Transitioning to an sRGB workflow

Hello everyone,

I’m in the process of updating three.js in our app to r151, currently in r148, about to move to r149. As a part of that, I want to move from using a non-linear workflow - where the textures and the renderer both have LinearEncoding set - to a linear (sRBG) workflow - where the have sRGBEncoding.

Forgive me if I mix the terms incorrectly, I’ve seen the term “linear workflow” used for both options…

On some objects, I get the same results in terms of colors, but for others, the colors look darker after the transition.

Attached is an example of such an object. It has a map and lightmap.

floor_original.json (7.2 MB)
floor_changed_incorect.json (7.2 MB)

Both files are the same, except for the encoding of the map and lightmap set to 3001 (sRGBEncoding) instead of 3000 (LinearEncoding).

I’ll note that I my scenes have no lights, and I work only with MeshBasicMaterial with lightmaps baked in.

I would appreciate any help on the subject, whether it explaining what I’m doing wrong or explaining if and why this result is expected.


You might find it saves time to jump directly to r152+. Some names and default settings were changed in r152, making the linear workflow the default.

In any case. It’s very likely that your is sRGB, and in the linear workflow you’ll need to annotate that texture with .encoding = sRGBEncoding, equivalent to .colorSpace = SRGBColorSpace in r152+. With a lightmap, either sRGB or Linear-sRGB are valid choices. Ideally we’d know which was selected when exporting the lightmap, without knowing it might require trial and error.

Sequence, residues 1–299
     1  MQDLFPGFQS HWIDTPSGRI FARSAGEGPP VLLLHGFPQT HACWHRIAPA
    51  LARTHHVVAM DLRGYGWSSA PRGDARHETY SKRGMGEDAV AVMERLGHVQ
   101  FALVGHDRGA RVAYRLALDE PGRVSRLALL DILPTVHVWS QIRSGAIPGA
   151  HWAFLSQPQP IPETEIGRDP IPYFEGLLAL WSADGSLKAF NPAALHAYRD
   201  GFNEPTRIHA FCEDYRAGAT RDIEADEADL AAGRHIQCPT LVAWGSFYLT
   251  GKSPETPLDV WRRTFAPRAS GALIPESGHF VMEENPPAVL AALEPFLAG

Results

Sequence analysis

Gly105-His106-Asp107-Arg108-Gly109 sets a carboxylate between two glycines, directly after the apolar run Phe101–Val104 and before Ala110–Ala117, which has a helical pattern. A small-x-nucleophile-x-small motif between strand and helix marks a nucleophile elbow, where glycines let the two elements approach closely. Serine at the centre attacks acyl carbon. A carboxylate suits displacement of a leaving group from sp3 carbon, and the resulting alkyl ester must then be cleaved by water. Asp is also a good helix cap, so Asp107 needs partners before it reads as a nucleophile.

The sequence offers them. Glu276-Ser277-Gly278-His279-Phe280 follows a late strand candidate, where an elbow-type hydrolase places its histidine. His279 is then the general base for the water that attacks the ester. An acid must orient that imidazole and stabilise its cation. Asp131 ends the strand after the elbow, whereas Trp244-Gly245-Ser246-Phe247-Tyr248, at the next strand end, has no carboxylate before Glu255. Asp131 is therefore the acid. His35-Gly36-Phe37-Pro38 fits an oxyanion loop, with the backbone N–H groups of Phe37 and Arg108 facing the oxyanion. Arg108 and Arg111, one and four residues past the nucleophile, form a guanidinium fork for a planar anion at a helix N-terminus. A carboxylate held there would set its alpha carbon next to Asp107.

The settings of your renderer also matter a lot – have you seen the guide at Updates to Color Management in three.js r152 ? That would be good to read through, if not. The ‘correct’ settings for textures will look wrong, if the renderer is not also configured correctly. In r152+ you do not need to change the renderer defaults.

Aside – If you’re using post-processing, you’ll need OutputPass in newer three.js versions, or GammaCorrectionShader in older versions. Ideally sharing a simple demo can help to identify any other pieces of the problem that would matter to your app.


Thanks for your reply @donmccurdy.

I have indeed read the guide you mentioned, and also “The Importance of Being Linear” NVIDIA article it refers to (though admittedly it may require more readings before I fully understand it).

I can’t update right now to r152 because our app is dependent on another app which uses r151 unfortunately.

My texture data is indeed sRGB, and I have annotated both the texture’s encoding as sRGB, and the renderer’s output encoding.

I believe the problem lies with the lightmap, and/or its combination with the lightmapIntensity multiplier.

The lightmaps are baked in 3Ds Max so they are SRGB as far as I understand. I have tried both keeping the lightmap’s encoding linear and changing it to SRGB (while changing the diffuse map encoding to sRGB in both cases) and neither produced the correct color exactly.

Thank you,
I will provide a live example when I can.

Here’s the JSfiddle:

Non-linear workflow
Linear Workflow (Renderer and textures set to sRGBEncoding)

If anyone can examine the live example and help me sort out the issue, I would greatly appreciate it :slightly_smiling_face:

You may also want to set:

THREE.ColorManagement.legacyMode = false;

In r152+, legacyMode = false is replaced by .enabled = true and is set by default.

Keep in mind that changing to a linear working color space does mean that the same lighting will give different results. If you disable the lightmap and just use MeshBasicMaterial or ambient lighting, you’ll see the results are very close, so I think it’s mostly just the lightmap left, and could be improved by boosting the lightmap intensity slightly.

Thanks, I’ll try that.

If we are talking about multiple objects with different light maps, Is the boost needed for the light maps expected to be the same approximately ? Or is it expected to vary widely between different light maps?

Is the boost needed for the light maps expected to be the same approximately?

If the lightmaps were sRGB encoded, then, we’re compensating for change in gamma power function with a linear scalar, and as such there is no “correct” multiplier. But if your lightmaps have roughly the same overall brightness, I believe the factor should be pretty similar across them. That’s likely to be true for non-HDR lightmaps like these.